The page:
“Father, we don’t have a choice.” Deyvan Corliann reached out a hand, pleading with his father to understand. “Uncle Caildenn won’t let this go.”
“And that is exactly why I cannot agree,” High Lord Mikkal Corliann replied. “Surely you see that. I’ve relinquished the management of my holdings to you and accepted your appointment as his heir. Nothing I’ve done since hints at rebellion. If he won’t trust my word, how can I trust his?”
Deyvan collapsed into the heavily padded chair beside his father’s desk, his hand falling on a pile of ignored papers. Papers that Deyvan should have answered weeks before, but for his uncle’s demands. The entire office overflowed with bits of work Deyvan had yet to examine. Requests for his blessing on new trade agreements, demands he resolve disputes between minor lords, adjustments in laws and regulations that he’d never realized needed the high lord’s approval at all. And more than a dozen contracts with marriage clauses attached, each hinting not so subtly that an alliance with that family might aid him should his uncle remarry and father another heir. No one trusted Uncle Caildenn’s word. Not even Deyvan.
“This isn’t about trusting my uncle,” Deyvan said. “It’s about showing the empire that the provinces remain united. The northern rebellion has been growing for almost six years now and any day they might break out from skirmishes and ambushes into a real war. Uncle Caildenn is our emperor and he needs the show his enemies that our nation is not to be dismissed. What if Mindaine decides the rebellion is a distraction they can use to take back Sentar Province? Or Osuvia wants to rebuild the former country on their lower border as a puppet state?”
“Then the imperial army will rally to our nation’s defense regardless of home province, as they always have.” High Lord Mikkal shook his head, as if the answer were obvious. “Caildenn knows that as well as I. My abandonment of an empty title does nothing but force me into subservience. It’s not about unity, Deyvan. It’s about cruelty.”
“That’s—” But Deyvan couldn’t really argue. Uncle Caildenn had a bad reputation, and nothing could make Deyvan forget the look in his uncle’s eyes when Deyvan had sworn his father’s loyalty. After the province high lords had forced Uncle Caildenn to marry into the Corliann bloodline much too young, he would never trust the brother-by-law he’d gained in High Lord Mikkal. “Uncle Caildenn has his flaws, but he only needs a proper family. The high lords took one chance of that from him by selecting my aunt as his bride, the Serr-Nyen took another with their assassins. Give him a chance, father. Uncle cares about me. I can help him and our empire.”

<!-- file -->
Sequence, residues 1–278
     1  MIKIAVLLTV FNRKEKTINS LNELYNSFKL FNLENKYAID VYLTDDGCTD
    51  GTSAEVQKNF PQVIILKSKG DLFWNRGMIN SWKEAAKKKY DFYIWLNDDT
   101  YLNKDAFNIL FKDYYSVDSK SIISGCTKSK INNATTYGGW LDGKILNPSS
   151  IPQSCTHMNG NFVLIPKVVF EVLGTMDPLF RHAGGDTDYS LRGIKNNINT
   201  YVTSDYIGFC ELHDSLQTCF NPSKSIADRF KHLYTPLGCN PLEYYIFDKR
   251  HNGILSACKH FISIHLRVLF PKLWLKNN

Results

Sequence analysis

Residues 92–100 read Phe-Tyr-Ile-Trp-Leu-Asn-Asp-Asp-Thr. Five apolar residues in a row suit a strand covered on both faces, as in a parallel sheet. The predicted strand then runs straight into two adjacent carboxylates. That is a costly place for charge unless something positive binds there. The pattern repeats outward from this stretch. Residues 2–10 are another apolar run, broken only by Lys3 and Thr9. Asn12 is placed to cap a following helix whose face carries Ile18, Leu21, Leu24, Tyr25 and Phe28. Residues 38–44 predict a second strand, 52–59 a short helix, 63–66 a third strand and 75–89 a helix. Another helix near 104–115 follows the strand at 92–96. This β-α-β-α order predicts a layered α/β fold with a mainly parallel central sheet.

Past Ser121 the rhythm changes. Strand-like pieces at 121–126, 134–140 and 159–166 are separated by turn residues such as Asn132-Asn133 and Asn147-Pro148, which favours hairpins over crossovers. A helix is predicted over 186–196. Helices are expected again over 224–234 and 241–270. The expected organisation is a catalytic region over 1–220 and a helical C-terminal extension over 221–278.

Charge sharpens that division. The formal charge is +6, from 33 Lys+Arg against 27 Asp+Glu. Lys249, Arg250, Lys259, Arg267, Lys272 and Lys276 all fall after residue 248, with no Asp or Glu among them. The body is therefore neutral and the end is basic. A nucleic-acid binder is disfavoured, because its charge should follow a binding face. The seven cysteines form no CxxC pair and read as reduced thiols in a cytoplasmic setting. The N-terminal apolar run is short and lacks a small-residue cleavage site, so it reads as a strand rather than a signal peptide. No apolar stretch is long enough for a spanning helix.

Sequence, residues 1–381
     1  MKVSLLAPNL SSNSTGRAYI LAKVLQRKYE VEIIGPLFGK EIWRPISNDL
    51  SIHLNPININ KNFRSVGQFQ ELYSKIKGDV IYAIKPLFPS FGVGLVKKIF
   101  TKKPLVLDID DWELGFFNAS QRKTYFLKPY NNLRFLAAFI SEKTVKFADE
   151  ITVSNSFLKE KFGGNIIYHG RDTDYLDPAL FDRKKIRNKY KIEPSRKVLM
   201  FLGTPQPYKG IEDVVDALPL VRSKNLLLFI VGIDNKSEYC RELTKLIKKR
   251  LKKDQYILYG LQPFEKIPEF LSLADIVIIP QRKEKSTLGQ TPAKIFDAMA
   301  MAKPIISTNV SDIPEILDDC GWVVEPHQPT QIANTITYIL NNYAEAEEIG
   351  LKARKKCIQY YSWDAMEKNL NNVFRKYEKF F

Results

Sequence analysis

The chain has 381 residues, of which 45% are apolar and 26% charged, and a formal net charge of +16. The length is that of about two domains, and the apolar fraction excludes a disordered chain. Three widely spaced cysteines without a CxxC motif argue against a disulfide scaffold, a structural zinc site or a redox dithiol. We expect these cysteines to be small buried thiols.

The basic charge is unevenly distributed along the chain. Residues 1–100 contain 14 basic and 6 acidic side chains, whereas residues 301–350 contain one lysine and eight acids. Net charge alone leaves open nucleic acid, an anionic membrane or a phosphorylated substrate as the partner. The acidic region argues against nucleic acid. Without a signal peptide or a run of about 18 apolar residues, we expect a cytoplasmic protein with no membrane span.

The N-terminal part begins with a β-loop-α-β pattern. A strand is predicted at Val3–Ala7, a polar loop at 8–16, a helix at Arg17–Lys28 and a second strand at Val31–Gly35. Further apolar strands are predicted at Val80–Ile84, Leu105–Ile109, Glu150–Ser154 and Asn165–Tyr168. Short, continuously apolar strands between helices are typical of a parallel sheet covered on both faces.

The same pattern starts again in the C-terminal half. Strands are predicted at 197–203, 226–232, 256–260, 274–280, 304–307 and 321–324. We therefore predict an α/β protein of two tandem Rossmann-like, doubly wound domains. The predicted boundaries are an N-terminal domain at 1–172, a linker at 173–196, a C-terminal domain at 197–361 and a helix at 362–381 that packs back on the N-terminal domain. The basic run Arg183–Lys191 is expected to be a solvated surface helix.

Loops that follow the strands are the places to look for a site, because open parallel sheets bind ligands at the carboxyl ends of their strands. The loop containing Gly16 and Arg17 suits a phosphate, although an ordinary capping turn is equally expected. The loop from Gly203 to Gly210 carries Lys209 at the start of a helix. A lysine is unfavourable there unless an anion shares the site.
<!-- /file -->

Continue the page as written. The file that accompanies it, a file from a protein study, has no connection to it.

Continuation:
A sharp knock at the door interrupted their discussion and both Deyvan and his father spun in their chairs to face the entry. If anyone had overheard this discussion it could too easily find its way back to Uncle Caildenn’s ears. One hint that Deyvan or his father disapproved of Caildenn’s actions could tear the fragile truce between their families apart. After a few breaths, the knock came again. A servant poked his head in at Deyvan’s call.
“Pardon, my lords, but there’s a visitor for Prince Deyvan.” At Deyvan’s blank look, the servant pointed toward the formal study. “From up north.”
“Oh, yes.” He’d never get used to being Prince Deyvan. His cousins had been the princes, murdered in their beds by foreign warmongers hoping to disrupt the treaty Uncle Caildenn planned with the now-conquered nation of Sernyii. “Thank you. I’ll be down in a moment.” Deyvan waved a hand to dismiss the servant and turned back to his father. “I’ve a foreign trade discussion. But I promise, Father, I can turn Uncle Caildenn into a decent ruler if you’ll help me.”
High Lord Mikkal sighed. “I know you aren’t that naive, but I can see I won’t convince you. Let’s table this discussion for this evening.” He pushed up from the desk, offering a resigned smile. “May I join your discussion? I’ve missed the dance of negotiations between equal powers.”
Deyvan hesitated. He knew that tone from too many forays into the sweets cupboards as a child. High Lord Mikkal thought he knew something Deyvan shouldn’t be doing. And if he had found out about Deyvan’s communications with Mistress Varela of Serni Province he could wreak havoc on Deyvan’s carefully laid plans. But if no loyal-born imperial could trust a Sernien merchant-lord’s daughter after the massacre they’d made of Uncle Caildenn’s sons. Deyvan’s eyes settled on a piece of paper on his father’s desk. Innocuous but for the seal in a bottom corner. Uncolored wax as any commoner might use, but with a gryphon head pressed into the center.